Engenderings is a blog about the role of gender in cultural, social and political life. It brings together a broad range of perspectives to engage with ideas about gender as it operates in local and global culture and society. At the core of Engenderings is the idea that gender is everywhere, shaping not only the way we move through the world – organising human bodies, sexualities, identities – but also the way we relate to the world and to each other, in thought and in action, from political representation to cultural production. Engenderings is about the inflections of gender in everyday life. The Engenderings blog is based at the LSE Department of Gender Studies. It is interdisciplinary in approach and subject matter, with material originating from a range of fields including social and political science, cultural and media studies, literary criticism, arts, philosophy, environmental studies and technology. Engenderings is committed to an open and critical engagement that is responsive to different points of view and is invested in exploring gender as an analytical category.

Each blog post gives the views of the individual author(s), and not the position of the Department of Gender Studies, nor of the London School of Economics. All posts published on Engenderings remain the intellectual property and copyright of the author or authors. Anyone is free to link to or share links to posts published on Engenderings. Unless otherwise indicated, do not reproduce, republish or repost any blog posts on other sites without permission from the author of the post. For repost requests please contact the editorial collective and we will pass your request on to the author. We request that any reposts of original content published on Engenderings acknowledge and link back to Engenderings as the original site of publication but this is at the author’s discretion.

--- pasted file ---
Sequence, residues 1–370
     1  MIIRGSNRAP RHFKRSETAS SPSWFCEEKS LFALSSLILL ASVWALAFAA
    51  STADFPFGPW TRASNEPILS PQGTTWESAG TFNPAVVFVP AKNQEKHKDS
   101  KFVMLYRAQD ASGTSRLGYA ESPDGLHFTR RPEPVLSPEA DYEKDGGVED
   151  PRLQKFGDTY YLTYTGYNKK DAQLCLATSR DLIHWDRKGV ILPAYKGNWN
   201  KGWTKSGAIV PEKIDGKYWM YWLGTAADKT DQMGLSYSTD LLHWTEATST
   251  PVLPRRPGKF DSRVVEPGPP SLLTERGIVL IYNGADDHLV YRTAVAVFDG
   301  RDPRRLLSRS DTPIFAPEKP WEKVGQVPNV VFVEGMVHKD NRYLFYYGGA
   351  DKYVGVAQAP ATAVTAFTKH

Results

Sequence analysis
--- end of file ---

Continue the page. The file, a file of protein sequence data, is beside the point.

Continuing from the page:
The Engenderings Editorial Collective:


Louisa Acciari is a PhD student at the Gender Institute working on the mobilisations of domestic workers in Brazil. Her research interests include social movements; feminist and post-colonial theories; the intersections between gender, race and class; and Brazilian politics. She studied Political Science in Paris before coming to the UK to do Gender Studies. She has also been involved in the student and feminist movements for years and believes in the importance of linking academia to activism and practices of contestation.

Annette Behrens left LSE in 2016. She is now involved with a variety of projects, including working for a sexual health outreach programme, and consulting on research for an almanac of London’s LGBTQ organisations. Her academic background and interests are in political science and gender studies, with focus on the prefigurative politics and emotional labour in activism, anarchism, transnational feminisms and the relationship between activism and academia. She enjoys reading, making zines, swimming and baking.


Julia Hartviksen is a PhD candidate at the Department of Gender Studies. Her PhD explores the materiality of violences against women and femicide in postwar Guatemala. She is particularly interested in the political economy of violence against women, feminist historical materialism, extractivism and development. Previously, Julia studied International Studies & Modern Languages at the University of Ottawa, and Global Development Studies at Queen’s University, Kingston, in Canada. Julia enjoys running and hiking.